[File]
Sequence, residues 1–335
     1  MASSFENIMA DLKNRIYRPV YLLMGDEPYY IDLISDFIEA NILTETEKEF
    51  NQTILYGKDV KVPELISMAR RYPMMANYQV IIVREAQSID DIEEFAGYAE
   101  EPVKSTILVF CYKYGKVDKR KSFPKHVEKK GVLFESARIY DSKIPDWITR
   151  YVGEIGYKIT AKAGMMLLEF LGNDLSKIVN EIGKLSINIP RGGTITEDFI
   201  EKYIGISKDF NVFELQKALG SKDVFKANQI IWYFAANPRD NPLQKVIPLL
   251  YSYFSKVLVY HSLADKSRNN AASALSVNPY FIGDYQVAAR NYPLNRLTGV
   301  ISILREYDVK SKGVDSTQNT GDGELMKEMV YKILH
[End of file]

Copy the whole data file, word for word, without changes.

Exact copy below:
Sequence, residues 1–335
     1  MASSFENIMA DLKNRIYRPV YLLMGDEPYY IDLISDFIEA NILTETEKEF
    51  NQTILYGKDV KVPELISMAR RYPMMANYQV IIVREAQSID DIEEFAGYAE
   101  EPVKSTILVF CYKYGKVDKR KSFPKHVEKK GVLFESARIY DSKIPDWITR
   151  YVGEIGYKIT AKAGMMLLEF LGNDLSKIVN EIGKLSINIP RGGTITEDFI
   201  EKYIGISKDF NVFELQKALG SKDVFKANQI IWYFAANPRD NPLQKVIPLL
   251  YSYFSKVLVY HSLADKSRNN AASALSVNPY FIGDYQVAAR NYPLNRLTGV
   301  ISILREYDVK SKGVDSTQNT GDGELMKEMV YKILH